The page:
“It is my belief that unhealthy children become unhealthy adults,” Waites told the subcommittee. “When it’s harassment based on sex or race, we can do something about that. But when it comes to other issues, such as obesity, sexual orientation, there is no law or state policy that protects our students.”
Objections from members of the committee came over a portion of the bill that would give a misdemeanor to any student who was charged with three separate instances of bullying.
Several subcommittee members, including Coleman, expressed concern about labeling student bullies as criminals.
Waites told the committee that she was open to allowing “friendly amendments” during her testimony and signaled after the hearing she was willing to compromise to move the bill forward, including stripping harsher punishments from the bill.
“We need Republican support for it to pass,” Waites said after the hearing.
LGBT employment bill set for hearing tomorrow
Another General Assembly subcommittee will hear testimony tomorrow on HB 427, the Georgia Fair Employment Practices Act. The bill would protect state employees from job discrimination based on sexual orientation and gender identity.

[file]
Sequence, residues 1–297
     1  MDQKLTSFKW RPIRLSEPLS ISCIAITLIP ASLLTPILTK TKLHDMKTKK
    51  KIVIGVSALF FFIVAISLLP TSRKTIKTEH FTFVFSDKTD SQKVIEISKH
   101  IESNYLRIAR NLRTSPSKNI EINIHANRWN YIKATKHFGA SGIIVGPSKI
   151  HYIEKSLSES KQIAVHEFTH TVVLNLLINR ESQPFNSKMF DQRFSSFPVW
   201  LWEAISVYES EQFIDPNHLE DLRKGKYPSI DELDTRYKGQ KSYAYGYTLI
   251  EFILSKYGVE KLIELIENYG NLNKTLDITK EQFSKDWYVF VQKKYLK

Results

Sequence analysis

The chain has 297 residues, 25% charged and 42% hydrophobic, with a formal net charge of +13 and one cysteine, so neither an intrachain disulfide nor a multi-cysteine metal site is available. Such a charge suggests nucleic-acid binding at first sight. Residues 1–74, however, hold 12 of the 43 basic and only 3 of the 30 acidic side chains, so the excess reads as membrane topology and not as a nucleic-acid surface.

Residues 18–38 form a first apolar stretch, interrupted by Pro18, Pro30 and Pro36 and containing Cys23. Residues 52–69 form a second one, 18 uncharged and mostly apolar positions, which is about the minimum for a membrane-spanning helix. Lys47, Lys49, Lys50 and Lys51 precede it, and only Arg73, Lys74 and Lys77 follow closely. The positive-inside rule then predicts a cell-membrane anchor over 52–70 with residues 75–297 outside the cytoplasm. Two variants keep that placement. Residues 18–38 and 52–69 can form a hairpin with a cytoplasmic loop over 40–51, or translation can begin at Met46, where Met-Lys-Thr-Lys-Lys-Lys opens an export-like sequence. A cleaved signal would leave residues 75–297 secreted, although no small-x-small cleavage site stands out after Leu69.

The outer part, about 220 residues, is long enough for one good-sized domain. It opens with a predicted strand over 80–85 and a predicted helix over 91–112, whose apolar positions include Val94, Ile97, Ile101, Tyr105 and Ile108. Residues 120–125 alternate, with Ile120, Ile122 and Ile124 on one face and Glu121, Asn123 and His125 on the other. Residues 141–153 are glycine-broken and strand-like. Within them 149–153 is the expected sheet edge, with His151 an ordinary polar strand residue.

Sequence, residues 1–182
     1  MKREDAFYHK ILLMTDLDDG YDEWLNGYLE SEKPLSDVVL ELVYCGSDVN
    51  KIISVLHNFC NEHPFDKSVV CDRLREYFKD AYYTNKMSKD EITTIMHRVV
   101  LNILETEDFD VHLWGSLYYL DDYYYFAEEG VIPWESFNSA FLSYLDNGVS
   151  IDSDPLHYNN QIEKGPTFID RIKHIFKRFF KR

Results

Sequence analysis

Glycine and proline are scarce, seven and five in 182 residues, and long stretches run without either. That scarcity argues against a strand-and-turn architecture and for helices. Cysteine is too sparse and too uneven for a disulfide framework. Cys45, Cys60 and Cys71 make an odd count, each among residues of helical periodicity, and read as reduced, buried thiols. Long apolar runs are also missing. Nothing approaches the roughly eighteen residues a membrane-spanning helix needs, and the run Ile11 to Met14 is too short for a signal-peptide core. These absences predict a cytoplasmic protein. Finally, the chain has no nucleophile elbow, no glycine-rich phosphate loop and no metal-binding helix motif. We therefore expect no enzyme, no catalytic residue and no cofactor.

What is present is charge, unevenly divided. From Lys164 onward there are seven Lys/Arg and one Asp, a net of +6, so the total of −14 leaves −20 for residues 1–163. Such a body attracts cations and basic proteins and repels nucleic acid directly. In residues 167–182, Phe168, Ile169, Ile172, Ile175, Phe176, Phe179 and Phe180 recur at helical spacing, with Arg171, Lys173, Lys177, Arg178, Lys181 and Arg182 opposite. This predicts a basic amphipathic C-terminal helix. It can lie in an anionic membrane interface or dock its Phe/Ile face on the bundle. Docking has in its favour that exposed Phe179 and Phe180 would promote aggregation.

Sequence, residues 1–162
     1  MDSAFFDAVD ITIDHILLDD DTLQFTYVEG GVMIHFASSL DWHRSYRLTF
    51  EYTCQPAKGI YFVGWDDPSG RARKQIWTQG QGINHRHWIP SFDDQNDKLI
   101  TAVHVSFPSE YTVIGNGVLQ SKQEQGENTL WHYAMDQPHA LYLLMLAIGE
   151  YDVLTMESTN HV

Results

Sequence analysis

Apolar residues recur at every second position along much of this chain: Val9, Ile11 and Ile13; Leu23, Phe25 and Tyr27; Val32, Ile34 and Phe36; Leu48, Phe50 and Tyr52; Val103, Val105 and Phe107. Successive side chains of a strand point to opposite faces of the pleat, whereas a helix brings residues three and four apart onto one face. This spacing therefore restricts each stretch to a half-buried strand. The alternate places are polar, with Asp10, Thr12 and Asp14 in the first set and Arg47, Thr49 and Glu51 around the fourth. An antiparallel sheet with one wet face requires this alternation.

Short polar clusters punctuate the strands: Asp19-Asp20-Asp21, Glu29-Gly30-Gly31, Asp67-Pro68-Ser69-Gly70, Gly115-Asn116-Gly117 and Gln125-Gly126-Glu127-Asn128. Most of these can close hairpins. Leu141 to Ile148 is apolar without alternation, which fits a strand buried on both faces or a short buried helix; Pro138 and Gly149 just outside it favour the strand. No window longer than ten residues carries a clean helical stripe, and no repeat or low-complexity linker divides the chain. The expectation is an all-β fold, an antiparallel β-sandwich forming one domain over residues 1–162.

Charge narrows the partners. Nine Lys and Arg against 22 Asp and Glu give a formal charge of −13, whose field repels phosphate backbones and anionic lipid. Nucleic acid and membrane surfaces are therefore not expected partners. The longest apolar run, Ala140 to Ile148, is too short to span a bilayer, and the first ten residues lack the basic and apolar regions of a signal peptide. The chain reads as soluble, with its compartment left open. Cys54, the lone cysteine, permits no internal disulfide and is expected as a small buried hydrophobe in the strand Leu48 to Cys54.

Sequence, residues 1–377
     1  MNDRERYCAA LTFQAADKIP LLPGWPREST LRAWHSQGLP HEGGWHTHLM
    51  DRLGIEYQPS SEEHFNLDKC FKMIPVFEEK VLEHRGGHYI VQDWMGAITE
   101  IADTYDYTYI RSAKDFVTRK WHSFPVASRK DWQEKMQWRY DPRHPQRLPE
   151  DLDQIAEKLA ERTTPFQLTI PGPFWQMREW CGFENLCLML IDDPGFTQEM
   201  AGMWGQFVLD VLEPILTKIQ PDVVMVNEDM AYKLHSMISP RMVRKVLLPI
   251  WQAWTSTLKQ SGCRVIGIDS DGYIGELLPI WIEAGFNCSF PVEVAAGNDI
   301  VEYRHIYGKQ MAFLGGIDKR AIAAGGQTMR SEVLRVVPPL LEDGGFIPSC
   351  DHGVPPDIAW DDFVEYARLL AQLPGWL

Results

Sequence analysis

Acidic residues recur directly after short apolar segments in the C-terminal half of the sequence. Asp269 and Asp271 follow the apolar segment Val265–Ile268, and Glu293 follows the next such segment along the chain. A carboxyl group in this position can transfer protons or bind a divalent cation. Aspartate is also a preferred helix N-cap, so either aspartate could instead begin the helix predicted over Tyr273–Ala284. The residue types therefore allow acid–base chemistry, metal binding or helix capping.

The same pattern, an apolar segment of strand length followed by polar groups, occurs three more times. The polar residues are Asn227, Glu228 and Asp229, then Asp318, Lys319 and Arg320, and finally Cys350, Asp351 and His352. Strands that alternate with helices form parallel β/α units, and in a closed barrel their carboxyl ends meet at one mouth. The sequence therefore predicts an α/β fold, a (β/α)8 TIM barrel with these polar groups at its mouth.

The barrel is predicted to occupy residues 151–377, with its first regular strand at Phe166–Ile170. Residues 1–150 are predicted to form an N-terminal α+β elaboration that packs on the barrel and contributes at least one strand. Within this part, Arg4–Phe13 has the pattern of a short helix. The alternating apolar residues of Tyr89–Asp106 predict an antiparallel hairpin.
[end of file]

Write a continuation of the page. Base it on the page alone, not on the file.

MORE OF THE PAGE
The hearing is scheduled for 8 a.m. at the Coverdale Legislative Office Building. The bill is sponsored by Rep. Karla Drenner, Georgia’s first openly gay state lawmaker, and has 55 Democratic co-sponsors, 11 Republicans and one independent.
“Here in Georgia, there has been remarkable support for these basic workplace protections. Currently there are at least 36 municipalities with similar policies and nearly 200 of Georgia’s largest private employers also extend these protections to their gay and transgender employees,” Georgia Equality, the statewide LGBT political organization, stated in a press release announcing the hearing.
“Recent polling indicates that 79% of voters statewide support the passage of this legislation, including 90% of voters under the age of 39,” Georgia Equality noted.
Top photo: Rep. Keisha Waites (D-Atlanta) discusses HB 429 at a Georgia General Assembly House Education Subcommittee hearing (by Ryan Watkins)